ELDR Council: between a rock and some very hard places indeed…

I’m not always the most prepared person in the world, especially when it comes to meetings. Usually, that doesn’t matter, because I’m surrounded by people who are prepared. But what happens if they don’t turn up on time?

The sun was shining in Armenia’s capital, in the shadow of Mount Ararat, and whilst one of the delegation’s Parliamentarians was meeting ‘Our Man in Yerevan’, I was off to attend the Resolution Working Group, where resolutions on a Common Consolidated Corporate tax base for Europe and on Cyprus were to be debated. On arrival at the Congress Hotel, our venue for the meeting, I discovered that most of our delegation were still on their way from Tbilisi, in neighbouring Georgia, making their way across mountain passes in bad weather and on bad roads. They would arrive eventually, but for now, I was on my own. Luckily, I’m the resident corporate tax expert, and I had read the policy, and I had been to both sides of Cyprus, to the North as part of a semi-official visit, so I wasn’t out of my depth.

The Cyprus discussion went well, with additional language added to make reference to the 2004 referenda, and the inclusion of a call for the European Union to fulfil its obligations under the Cypriot accession treaty, a reference to the failure to enact the trade and access elements that would allow direct flights to Northern Cyprus and open up markets to goods, services and products from the area. As for the Common Consolidated Corporate tax base, I’m afraid that I was moved to trash it, partly on the grounds that the United Kingdom would certainly opt out, partly on the grounds that harmonised tax rules would reduce national fiscal sovereignty to an unacceptable extent, and the resolution fell as a result of that, and other critical interventions from, amongst others, the Dutch, Danish and Cypriot delegations.

By lunchtime, we were back at full strength, and the Council meeting began with welcomes from Sir Graham Watson, chairing his first ELDR Council since becoming President last year, and from Aram Manukyan, Leader of our hosts, the Armenian National Movement. Aram had been elected to the National Assembly earlier in the week, despite the best efforts of the ruling Party. Reports from the President and Treasurer, Roman Jakic, came and went, before we discussed friends old and new.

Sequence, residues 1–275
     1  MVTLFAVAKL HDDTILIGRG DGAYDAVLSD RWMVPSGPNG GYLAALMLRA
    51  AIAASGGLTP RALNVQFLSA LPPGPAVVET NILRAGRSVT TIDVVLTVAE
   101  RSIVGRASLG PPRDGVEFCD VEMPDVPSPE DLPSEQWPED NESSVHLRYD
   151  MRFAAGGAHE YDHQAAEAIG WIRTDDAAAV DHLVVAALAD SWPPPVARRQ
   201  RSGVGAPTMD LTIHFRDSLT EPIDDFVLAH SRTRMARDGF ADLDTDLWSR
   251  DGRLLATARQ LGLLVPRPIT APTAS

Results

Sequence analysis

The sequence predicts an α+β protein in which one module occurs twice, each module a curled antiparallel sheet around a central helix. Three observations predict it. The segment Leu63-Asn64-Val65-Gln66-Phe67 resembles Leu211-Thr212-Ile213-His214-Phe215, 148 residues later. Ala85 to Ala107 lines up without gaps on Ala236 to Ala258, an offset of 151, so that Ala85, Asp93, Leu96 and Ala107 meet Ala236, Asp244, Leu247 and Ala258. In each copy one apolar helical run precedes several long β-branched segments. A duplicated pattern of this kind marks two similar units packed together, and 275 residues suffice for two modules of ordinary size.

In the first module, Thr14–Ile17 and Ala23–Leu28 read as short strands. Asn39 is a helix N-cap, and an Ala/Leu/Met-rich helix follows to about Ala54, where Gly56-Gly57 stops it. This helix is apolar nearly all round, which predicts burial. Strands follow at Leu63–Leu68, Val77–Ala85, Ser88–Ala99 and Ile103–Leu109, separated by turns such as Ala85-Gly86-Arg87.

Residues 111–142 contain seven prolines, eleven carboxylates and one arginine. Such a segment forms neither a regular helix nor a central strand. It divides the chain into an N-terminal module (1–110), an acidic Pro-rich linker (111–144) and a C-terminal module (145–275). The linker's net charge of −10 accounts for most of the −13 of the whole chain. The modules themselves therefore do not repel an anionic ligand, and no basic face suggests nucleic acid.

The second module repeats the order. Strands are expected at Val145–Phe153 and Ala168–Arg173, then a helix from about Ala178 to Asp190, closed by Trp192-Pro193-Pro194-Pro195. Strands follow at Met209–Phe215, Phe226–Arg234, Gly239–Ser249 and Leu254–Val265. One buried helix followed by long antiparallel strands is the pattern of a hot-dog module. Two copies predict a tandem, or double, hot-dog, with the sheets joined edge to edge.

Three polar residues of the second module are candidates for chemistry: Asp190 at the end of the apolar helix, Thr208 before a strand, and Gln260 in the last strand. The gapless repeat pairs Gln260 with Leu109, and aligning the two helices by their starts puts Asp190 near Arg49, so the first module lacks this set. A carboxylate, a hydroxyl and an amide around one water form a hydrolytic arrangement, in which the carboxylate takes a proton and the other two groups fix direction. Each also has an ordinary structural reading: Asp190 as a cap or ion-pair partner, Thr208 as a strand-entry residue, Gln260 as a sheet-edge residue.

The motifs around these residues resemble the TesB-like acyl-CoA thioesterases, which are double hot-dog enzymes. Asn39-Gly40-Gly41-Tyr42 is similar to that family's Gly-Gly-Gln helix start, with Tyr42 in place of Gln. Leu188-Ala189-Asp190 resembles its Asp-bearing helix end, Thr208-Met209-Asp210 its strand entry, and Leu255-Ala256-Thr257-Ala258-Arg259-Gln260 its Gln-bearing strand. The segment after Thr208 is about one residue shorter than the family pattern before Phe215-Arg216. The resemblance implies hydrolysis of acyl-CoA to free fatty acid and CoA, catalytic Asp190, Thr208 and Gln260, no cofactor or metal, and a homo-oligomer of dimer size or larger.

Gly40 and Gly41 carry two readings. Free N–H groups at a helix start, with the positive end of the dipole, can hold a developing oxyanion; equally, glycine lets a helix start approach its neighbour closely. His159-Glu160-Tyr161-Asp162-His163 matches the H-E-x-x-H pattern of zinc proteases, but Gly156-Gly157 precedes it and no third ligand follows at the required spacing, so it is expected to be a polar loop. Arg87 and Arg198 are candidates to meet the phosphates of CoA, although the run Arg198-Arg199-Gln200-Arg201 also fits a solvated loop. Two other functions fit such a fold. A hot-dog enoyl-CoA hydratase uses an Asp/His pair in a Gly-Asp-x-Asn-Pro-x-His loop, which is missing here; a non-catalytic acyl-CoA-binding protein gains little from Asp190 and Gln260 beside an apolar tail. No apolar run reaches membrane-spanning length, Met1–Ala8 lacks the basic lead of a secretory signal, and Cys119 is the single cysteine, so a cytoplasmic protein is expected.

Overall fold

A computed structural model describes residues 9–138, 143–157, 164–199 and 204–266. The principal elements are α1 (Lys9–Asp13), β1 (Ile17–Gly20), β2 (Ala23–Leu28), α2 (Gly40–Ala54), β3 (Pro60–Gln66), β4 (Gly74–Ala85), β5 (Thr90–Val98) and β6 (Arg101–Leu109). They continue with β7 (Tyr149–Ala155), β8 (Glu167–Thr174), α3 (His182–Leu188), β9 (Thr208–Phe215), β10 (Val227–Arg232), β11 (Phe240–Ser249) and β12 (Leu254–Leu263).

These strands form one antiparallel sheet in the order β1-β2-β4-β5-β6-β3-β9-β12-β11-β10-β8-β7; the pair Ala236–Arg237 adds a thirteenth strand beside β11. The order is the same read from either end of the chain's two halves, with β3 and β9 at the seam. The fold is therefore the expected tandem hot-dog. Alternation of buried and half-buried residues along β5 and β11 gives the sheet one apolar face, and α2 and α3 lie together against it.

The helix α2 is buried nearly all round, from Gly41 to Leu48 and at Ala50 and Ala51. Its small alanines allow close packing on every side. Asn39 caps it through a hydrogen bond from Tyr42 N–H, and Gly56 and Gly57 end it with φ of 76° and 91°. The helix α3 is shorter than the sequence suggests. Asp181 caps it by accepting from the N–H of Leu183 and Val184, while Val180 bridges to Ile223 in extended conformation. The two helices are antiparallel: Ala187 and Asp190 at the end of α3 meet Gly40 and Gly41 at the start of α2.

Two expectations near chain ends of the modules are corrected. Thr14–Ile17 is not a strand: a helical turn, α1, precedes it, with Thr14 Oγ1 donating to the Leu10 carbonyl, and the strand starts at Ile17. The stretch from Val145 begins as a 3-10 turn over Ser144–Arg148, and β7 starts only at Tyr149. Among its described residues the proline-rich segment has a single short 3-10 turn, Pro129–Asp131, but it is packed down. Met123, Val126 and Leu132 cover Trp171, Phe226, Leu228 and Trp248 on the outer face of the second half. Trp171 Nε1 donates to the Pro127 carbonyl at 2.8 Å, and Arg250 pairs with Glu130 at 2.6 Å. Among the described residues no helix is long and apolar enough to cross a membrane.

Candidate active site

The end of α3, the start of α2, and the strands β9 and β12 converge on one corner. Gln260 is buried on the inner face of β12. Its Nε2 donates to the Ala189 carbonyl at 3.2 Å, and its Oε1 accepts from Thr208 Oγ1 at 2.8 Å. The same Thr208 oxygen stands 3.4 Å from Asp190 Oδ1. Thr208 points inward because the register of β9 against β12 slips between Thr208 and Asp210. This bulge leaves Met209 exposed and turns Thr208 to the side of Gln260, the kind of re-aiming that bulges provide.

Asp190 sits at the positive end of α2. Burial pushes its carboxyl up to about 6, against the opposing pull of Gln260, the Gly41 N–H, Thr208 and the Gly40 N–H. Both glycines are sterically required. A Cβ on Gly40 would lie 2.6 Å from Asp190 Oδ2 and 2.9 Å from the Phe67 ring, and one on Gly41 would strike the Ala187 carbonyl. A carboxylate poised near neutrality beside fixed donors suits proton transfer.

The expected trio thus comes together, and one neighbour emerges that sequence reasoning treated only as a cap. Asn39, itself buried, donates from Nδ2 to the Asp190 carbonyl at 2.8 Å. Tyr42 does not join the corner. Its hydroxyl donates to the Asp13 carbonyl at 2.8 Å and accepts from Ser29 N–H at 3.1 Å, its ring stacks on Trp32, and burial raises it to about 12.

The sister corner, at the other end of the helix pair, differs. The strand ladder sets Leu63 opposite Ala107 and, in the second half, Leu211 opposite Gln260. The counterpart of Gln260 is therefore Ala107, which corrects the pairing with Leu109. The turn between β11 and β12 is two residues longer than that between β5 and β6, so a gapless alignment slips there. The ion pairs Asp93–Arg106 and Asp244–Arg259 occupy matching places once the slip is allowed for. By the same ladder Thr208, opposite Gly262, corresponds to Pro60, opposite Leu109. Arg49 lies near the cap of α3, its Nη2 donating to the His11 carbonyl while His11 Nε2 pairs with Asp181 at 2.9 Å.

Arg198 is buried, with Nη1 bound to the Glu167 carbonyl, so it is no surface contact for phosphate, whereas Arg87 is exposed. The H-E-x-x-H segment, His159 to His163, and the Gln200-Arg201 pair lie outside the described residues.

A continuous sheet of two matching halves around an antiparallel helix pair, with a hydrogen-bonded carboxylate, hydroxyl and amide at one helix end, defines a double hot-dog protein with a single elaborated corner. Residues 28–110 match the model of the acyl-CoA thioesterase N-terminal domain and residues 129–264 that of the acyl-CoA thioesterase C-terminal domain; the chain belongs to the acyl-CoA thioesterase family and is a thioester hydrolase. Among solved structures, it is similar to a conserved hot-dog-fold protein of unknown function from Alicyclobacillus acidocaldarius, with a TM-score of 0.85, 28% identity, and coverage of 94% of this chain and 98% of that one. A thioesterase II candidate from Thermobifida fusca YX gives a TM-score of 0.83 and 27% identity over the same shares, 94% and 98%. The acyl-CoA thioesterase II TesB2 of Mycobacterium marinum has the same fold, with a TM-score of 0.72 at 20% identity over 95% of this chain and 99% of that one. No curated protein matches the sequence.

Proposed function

ELDR Council voted to accept a membership application from Darbo Partija of Lithuania, and agreed changes of membership status for Centro Democratico Liberal of Spain, the Liberal Democratic Party of Bosnia Hercegovina and the Partit Liberal d’Andorra. Sadly, we had to say goodbye to Parti Radicaux de Gauche, France (failure to pay membership fee), New Union, Lithuania (merger) and Latvia’s Way/Latvia’s First Party (disappearance).

A brisk debate followed on fiscal discipline for Europe, proposed by the Free Democrats of Germany, although in truth it merely emphasised what had been agreed at last year’s Congress in Palermo.

It was confirmed that this year’s ELDR Congress will take place in Dublin on 8-10 November, and it was decided that an invitation from the Istrian Democratic Assembly, to host 2013’s Spring Council meeting in Pula, Croatia, would be accepted.

And with that, ELDR Council was done. All that was left was to enjoy the hospitality of our hosts, whose generosity and enthusiasm for Europe and for liberalism in one of Europe’s toughest neighbourhoods was a reminder as to why so many of us do what we do for our communities. When your neighbours are Turkey (border closed due to genocide), Azerbaijan (border closed due to war), Iran and Georgia, the temptation towards authoritarianism is strong. But if we are to build a stronger, more liberal Europe, Armenia is exactly the place we should look to nurture liberalism…

*Mark Valladares is a directly elected member of the Liberal Democrat delegation to ELDR Council, and blogs further on his visit to Yerevan at ‘The View from Creeting St Peter‘.

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